CBN’s The Brody File reported yesterday that Donald Trump will speak to a group of pastors in Florida about repealing the Johnson Amendment.
GOP presidential nominee Donald Trump will be speaking to hundreds of pastors this Thursday in Orlando, Florida. This is a private event sponsored by the American Renewal Project. Trump will speak to them about his push to repeal the Johnson Amendment. The law, which has been in place for decades, is perceived by some Christians as making it more difficult for pastors to speak out on political issues and candidates from the pulpit.
Correction: the amendment doesn’t prevent speaking on “political issues.” It does prohibit all tax-exempt organizations from campaigning or advocating for specific candidates. Here is the IRS guidance on the matter:
Under the Internal Revenue Code, all section 501(c)(3) organizations are absolutely prohibited from directly or indirectly participating in, or intervening in, any political campaign on behalf of (or in opposition to) any candidate for elective public office. Contributions to political campaign funds or public statements of position (verbal or written) made on behalf of the organization in favor of or in opposition to any candidate for public office clearly violate the prohibition against political campaign activity. Violating this prohibition may result in denial or revocation of tax-exempt status and the imposition of certain excise taxes.
Certain activities or expenditures may not be prohibited depending on the facts and circumstances. For example, certain voter education activities (including presenting public forums and publishing voter education guides) conducted in a non-partisan manner do not constitute prohibited political campaign activity. In addition, other activities intended to encourage people to participate in the electoral process, such as voter registration and get-out-the-vote drives, would not be prohibited political campaign activity if conducted in a non-partisan manner.
On the other hand, voter education or registration activities with evidence of bias that (a) would favor one candidate over another; (b) oppose a candidate in some manner; or (c) have the effect of favoring a candidate or group of candidates, will constitute prohibited participation or intervention.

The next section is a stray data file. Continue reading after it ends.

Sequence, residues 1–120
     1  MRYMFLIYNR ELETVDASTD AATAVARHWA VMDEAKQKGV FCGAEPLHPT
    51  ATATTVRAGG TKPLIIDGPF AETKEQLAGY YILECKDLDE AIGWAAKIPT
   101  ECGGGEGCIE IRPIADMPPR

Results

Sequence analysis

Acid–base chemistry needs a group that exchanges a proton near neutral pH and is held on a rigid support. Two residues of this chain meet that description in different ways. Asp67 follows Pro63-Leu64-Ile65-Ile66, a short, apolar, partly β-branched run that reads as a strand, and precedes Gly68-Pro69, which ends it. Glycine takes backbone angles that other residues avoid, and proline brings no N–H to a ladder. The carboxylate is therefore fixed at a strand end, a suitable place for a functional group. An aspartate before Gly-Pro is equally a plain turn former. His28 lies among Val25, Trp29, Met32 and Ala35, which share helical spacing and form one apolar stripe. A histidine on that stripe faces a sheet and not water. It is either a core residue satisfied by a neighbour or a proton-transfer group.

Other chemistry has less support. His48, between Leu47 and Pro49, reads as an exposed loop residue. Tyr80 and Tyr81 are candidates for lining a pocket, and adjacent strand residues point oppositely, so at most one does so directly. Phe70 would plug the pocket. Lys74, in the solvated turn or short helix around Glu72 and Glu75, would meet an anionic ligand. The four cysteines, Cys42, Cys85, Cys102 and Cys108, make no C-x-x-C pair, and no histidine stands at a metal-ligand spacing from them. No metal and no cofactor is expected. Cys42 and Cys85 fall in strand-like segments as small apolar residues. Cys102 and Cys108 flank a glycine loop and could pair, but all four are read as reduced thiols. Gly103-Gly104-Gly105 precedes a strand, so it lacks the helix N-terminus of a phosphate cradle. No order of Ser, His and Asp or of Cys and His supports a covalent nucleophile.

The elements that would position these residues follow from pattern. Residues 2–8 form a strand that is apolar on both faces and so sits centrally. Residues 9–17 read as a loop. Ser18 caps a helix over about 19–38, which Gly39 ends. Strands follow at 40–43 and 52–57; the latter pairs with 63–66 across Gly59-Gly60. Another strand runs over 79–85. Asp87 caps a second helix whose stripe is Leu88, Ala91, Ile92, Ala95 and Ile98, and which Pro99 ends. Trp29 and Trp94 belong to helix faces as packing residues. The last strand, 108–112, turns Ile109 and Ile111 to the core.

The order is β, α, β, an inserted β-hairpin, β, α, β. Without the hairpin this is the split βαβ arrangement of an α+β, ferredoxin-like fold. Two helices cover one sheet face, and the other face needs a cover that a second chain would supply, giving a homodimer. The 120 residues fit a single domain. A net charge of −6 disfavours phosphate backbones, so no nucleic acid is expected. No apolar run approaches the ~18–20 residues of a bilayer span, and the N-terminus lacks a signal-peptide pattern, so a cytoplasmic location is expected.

The prohibition is about campaigning for a person, not speaking out on issues. Ministers may speak about any issue and even speak in favor of a candidate, but they may not involve their churches in partisan campaign activities. It is very sad to me that any minister would want to use the church of Christ to promote a candidate but since some would, I am actually glad that the Johnson Amendment exists.
Many Christian supporters of Trump (e.g., Eric Metaxas today) think it is a big deal that Trump wants to pursue a repeal of the Johnson Amendment. If one can rely on surveys, many pastors don’t agree. According to a Christianity Today analysis, most pastors don’t want to endorse specific candidates from the pulpit or on behalf of the church. For instance, CT cited a Lifeway Research survey which found that a whopping 87% of pastors disagreed with the statement: “Pastors should endorse candidates for public office from the pulpit.” Only 29% of a Pew Research sample of Protestants and Catholics felt that churches should endorse candidates during elections.
I am glad a majority of ministers don’t want to use the church as a political tool. Doing so subordinates the mission of the church to political aims. Taking sides also risks alienating church members who disagree. Those members can feel coerced to vote consistently with the church endorsement.
Furthermore, the IRS isn’t enforcing the law. According to CT, thousands of pastors have violated the law (just think of that when you hear Trump say he’s the law and order candidate), but the IRS hasn’t done much about it. Trump’s Johnson Amendment promise is just another substance-free hook to hoodwink evangelical voters and soothe the doubts of evangelical endorsers.
Brody’s analysis of the Florida event is a pretty good argument why the Johnson Amendment isn’t currently relevant to what churches actually do. Brody said:
Events like this one will be crucial to Trump if he wants to beat Hillary Clinton. The reality is that evangelical pastors are a major key ingredient to mobilizing the masses. They hold great power over a captive audience every week in the pews. Trump needs them engaged. If they are, the flocks will typically follow. The result? A bottom up approach that will affect turnout exponentially. The top down approach of receiving key endorsements won’t do squat unless the evangelicals sitting in the pews are motivated. Trump shouldn’t assume that the anti-Hillary sentiment will be all he needs. No. He needs to do some work and by showing up in Orlando he’s well on his way to striking evangelical gold.
If Brody is right, then why does the Johnson Amendment matter? If Trump can get those pastors on his side, they will go pull spiritual rank on the captive sheep and the flock will get in line. There’s evangelical gold in them there churches and Trump needs to mine it like a boss.
I hope Brody is wrong. First, I hope most pastors will continue to resist a church endorsement of a candidate, and second, I hope the sheep break free from their captivity and become independent in their thinking and voting.